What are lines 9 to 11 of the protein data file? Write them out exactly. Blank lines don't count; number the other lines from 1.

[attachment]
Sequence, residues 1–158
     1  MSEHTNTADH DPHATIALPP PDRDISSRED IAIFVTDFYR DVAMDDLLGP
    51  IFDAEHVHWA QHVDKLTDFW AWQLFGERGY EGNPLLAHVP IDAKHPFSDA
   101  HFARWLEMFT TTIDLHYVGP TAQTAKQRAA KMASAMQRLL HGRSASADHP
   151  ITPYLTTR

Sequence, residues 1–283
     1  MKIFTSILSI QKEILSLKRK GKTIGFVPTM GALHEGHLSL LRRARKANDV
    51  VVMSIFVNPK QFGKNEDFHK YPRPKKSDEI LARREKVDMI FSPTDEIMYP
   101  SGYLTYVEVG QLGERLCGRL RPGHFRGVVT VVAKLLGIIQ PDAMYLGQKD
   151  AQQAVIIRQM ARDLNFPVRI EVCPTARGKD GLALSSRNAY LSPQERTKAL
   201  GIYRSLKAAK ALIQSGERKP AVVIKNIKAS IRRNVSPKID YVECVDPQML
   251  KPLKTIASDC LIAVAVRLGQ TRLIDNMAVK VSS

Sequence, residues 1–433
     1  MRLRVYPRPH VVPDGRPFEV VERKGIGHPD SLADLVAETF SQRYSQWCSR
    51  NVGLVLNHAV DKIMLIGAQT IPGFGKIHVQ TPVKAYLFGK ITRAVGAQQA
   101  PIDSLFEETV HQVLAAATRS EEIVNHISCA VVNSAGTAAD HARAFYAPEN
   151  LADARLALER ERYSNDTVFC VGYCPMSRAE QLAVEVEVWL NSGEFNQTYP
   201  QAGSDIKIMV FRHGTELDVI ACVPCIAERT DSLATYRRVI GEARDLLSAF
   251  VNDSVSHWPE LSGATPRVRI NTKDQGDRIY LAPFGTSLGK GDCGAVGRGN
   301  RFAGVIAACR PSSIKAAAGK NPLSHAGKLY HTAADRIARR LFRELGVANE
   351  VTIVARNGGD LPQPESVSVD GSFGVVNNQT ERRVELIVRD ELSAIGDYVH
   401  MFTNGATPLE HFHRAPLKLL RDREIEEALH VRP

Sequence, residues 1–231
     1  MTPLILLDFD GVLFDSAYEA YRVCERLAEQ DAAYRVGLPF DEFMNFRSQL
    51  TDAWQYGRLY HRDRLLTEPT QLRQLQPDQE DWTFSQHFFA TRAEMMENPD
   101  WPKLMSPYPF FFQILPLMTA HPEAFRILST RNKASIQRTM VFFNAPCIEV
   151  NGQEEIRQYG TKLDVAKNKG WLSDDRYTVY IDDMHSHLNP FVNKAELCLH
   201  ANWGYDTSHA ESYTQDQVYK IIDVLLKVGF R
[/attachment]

   101  SGYLTYVEVG QLGERLCGRL RPGHFRGVVT VVAKLLGIIQ PDAMYLGQKD
   151  AQQAVIIRQM ARDLNFPVRI EVCPTARGKD GLALSSRNAY LSPQERTKAL
   201  GIYRSLKAAK ALIQSGERKP AVVIKNIKAS IRRNVSPKID YVECVDPQML